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Mass Australian shooting leaves four children dead

By Rod McGuirk

Seven people have been found dead with gunshot wounds at a property near the Australian tourist town of Margaret River, police said.

The bodies of three adults and four children were found at a property in the village of Osmington along with two guns, Western Australia state police commissioner Chris Dawson said.

Police were called to the house at around 5.15am (local time) on Friday and officers said they had no concerns about wider public safety, Mr Dawson added.

"This devastating tragedy will no doubt have a lasting impact on the families concerned, the whole community and, in particular, the local communities in our southwest," he said.

Police were attempting to make contact with the victims' relatives, Mr Dawson said.

The commissioner would not comment on the possibility of murder-suicide.

This could be the worst mass shooting in Australia since a lone gunman killed 35 in Tasmania in 1996, prompting the nation to introduce tough gun controls.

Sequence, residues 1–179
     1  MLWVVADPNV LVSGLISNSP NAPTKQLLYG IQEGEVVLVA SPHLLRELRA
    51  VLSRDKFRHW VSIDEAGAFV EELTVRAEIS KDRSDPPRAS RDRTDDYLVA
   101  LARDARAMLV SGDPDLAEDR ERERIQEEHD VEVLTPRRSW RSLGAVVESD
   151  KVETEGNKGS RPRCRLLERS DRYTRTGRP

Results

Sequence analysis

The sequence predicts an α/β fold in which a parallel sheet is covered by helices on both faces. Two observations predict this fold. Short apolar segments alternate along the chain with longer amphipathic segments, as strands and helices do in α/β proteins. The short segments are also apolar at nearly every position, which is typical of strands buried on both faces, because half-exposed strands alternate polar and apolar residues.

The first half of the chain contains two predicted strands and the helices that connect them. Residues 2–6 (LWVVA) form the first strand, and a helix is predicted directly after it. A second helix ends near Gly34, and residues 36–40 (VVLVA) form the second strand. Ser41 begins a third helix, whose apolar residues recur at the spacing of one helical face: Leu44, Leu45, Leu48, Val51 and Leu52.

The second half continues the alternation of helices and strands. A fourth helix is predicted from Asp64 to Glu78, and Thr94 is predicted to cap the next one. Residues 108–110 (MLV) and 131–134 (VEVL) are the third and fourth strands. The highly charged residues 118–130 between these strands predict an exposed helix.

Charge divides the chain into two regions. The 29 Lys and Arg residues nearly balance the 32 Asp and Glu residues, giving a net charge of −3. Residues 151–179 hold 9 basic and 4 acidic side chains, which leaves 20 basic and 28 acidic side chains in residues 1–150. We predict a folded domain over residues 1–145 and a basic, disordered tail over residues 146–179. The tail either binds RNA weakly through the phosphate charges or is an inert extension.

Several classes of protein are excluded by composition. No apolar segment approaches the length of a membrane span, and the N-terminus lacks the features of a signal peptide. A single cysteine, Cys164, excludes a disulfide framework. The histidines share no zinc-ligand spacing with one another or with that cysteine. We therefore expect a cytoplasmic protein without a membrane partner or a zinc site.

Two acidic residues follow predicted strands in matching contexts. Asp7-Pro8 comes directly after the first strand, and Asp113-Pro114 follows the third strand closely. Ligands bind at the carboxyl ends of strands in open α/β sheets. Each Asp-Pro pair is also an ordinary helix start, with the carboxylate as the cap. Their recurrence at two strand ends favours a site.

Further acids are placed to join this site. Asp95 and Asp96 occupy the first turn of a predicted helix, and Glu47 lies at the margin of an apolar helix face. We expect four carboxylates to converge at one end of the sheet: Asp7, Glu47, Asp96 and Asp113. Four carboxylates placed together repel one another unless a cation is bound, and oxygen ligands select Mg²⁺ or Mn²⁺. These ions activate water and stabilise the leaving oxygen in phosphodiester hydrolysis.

Australia's gun laws are widely acclaimed as a success, with supporters including former US president Barack Obama saying Australia has not had a single mass shooting since they were implemented.

The generally accepted definition of a mass shooting - four deaths excluding the attacker in a single event - has been met only once in the country since then. In 2014, a farmer shot his wife and three children before killing himself.

Farmers are allowed to own guns under Australian law due to a legitimate need to use them to kill feral pests and predators or sick or injured livestock.

But automatic and semi-automatic rifles and shotguns are banned from public ownership.

Osmington is a collection of a few streets, vacation accommodation and vineyards supplying the premium winemaking district known as Margaret River.

Samantha Lee, chair of the Gun Control Australia lobby group, said rural areas were over-represented in Australian gun deaths, including suicides.

"Regional and rural areas are particularly vulnerable to these sorts of tragedies, because of the combination of isolation, sometimes mental or financial hardship and easy access to firearms," Ms Lee said in a statement.

"Although the details of this tragedy are yet to come to light, Australia has a tragic history of a higher rate of gun deaths in rural areas," she added.

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